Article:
A few years back, one of my clients had a "hit ad" on their hands. It was enormously popular (and also a bit controversial) and drove terrific traffic (as well as a significant level of complaints.) It was successful in every way--except selling the product.

I agree with your thoughtful comments and appreciate the dialog. Thanks!

re: Social Media is the New Super Bowl: Pepsi Refresh and What

Great post on social media measurements... somewhat reminds me of the old pre-bubble measurement of "web hits" as a measure of success that turned out to have limited value at best.

I wouldn't entirely dismiss the importance of popular ads for some categories, though... as a few years back, I did a blog / discussion board analysis of commentary for a major beer company - and found that there was a noted tendency for reactions to an ad to drive the tone of commentary... When a discussion thread started off badmouthing one or the other company's ad (generally Bud, Miller, Coors... that set of beers), then the comments quickly turned to malign the product as well; "Yeah, and their beer tastes like...(you can imagine)..."

Turns out, from discussions with the marketing people at the client that they had noted that trend - and since in some classic rivalries (I would put Coke-Pepsi very much in the camp of Bud-Miller) the difference in impressions is more significant than the difference in product attributes - so the negative view on ads driving the maligning of the product can result in adverse shifts in market share.

It is interesting that Pepsi is taking itself out of the high volume activity by skipping the largest single ad-showcase there is - the Super Bowl... I'll be interested to follow this past February...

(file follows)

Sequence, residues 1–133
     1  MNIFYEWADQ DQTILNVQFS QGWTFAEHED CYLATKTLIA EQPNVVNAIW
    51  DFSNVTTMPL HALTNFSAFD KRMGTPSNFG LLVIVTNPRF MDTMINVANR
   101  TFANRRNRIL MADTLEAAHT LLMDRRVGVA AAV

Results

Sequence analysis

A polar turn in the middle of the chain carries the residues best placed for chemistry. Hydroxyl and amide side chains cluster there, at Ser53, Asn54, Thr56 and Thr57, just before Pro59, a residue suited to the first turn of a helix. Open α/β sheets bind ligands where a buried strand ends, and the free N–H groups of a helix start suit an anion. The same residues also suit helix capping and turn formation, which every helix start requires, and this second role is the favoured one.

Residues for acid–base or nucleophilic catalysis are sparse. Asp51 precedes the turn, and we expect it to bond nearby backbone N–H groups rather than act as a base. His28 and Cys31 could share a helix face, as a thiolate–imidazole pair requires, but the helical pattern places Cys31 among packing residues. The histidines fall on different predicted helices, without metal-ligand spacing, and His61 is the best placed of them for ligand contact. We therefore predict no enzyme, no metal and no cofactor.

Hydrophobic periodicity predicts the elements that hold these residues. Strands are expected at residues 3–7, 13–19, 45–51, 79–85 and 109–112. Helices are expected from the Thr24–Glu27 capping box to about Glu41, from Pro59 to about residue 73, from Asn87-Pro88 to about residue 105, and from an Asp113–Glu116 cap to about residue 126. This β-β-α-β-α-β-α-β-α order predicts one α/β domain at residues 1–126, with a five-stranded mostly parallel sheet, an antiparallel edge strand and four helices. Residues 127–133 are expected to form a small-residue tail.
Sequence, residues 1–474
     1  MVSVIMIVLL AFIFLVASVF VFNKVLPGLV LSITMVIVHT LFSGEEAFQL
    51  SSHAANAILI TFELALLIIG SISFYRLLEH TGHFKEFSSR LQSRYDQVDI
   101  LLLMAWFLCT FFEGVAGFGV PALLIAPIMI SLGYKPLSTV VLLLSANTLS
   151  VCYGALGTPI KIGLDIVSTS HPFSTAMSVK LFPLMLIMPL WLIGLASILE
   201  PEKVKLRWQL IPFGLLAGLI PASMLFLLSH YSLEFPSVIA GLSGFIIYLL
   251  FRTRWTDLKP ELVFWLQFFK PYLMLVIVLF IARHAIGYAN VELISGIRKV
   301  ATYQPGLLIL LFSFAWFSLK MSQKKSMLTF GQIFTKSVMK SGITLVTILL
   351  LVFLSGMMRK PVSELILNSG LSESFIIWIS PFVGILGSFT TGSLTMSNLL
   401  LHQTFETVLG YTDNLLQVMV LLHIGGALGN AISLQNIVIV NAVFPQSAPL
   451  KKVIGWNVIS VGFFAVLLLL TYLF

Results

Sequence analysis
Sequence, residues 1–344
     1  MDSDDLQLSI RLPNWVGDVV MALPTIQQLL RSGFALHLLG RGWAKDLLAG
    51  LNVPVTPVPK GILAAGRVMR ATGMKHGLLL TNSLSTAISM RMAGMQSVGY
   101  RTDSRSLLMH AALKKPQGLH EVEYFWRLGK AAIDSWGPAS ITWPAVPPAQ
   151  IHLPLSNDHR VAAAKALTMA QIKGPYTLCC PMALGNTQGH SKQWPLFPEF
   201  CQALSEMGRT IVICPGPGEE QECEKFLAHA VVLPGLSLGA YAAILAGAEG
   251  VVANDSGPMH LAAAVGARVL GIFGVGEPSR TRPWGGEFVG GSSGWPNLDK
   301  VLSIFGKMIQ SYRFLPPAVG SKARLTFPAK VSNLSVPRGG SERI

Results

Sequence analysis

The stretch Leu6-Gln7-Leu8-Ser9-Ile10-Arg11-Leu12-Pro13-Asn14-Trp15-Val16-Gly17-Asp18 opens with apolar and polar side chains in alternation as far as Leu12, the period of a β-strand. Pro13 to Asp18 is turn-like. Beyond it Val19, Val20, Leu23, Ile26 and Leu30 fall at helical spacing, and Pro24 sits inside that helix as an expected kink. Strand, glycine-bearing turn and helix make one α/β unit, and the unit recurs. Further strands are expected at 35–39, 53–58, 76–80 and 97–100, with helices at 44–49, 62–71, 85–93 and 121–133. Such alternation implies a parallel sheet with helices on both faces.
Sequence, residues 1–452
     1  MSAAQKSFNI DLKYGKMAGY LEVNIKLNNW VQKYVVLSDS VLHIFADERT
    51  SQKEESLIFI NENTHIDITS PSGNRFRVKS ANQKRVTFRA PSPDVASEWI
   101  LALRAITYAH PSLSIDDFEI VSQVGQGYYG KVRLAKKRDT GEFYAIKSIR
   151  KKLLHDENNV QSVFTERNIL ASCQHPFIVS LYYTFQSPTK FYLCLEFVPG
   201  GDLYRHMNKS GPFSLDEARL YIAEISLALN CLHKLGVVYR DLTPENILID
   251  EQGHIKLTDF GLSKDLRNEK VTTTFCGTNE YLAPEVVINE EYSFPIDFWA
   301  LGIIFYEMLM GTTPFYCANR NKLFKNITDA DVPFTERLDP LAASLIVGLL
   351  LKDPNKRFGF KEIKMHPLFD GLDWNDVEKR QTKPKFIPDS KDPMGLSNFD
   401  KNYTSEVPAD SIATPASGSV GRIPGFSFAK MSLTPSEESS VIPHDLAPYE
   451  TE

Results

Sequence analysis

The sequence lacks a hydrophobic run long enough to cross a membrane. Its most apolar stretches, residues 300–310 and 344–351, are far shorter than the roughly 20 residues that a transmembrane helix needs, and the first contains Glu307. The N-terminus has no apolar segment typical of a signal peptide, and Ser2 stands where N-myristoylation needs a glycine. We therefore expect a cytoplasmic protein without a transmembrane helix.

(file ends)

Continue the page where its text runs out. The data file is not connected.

Best,
Barry Horwitz

re: Social Media is the New Super Bowl: Pepsi Refresh and What

Barry,

Thanks for the comments. It's funny you mention beer advertising, since the unnamed client in my prior comment (the one that had a hugely popular ad that did nothing to alter consumer preference or purchase behavior) was a beer client!

I still don't see likability as a goal in advertising. It's a strategy--like shocking consumers, touching them emotionally, or being informative.

You raise another interesting challenge--categories where consumers perceive little difference between competitive product attributes. I think that will get to be an even bigger issue in the future as advertising reach to consumers decreases and consumers' exposures to brands via social media increases. Being undifferentiated in a meaningful way in an era where most brand info is learned from other consumers and not via marketing communications will be a very dangerous spot for a brand.

re: Social Media is the New Super Bowl: Pepsi Refresh and What

Excellent post, thanks for shaing your insights on potential marketing ramifications. I agree with each point but the one about Social Meida, and how it's changing everything is so true. Every successful brand is going to have to take so social media in order to appeal to their customers and for customers to feel involved.

re: Social Media is the New Super Bowl: Pepsi Refresh and What

I found this statement entertaining:
"They may count retweets, but what are the chances the $20M investment will be evaluated based upon 140-character pass-alongs?"

If it were up to me, I would hope that impact would be evaluated precisely in this way. Give project beneficiaries the tools to micro-report (twitter) to all those who voted for the project and let feedback loops go to work. This is what is missing from "official development assistance" - the assistance from below.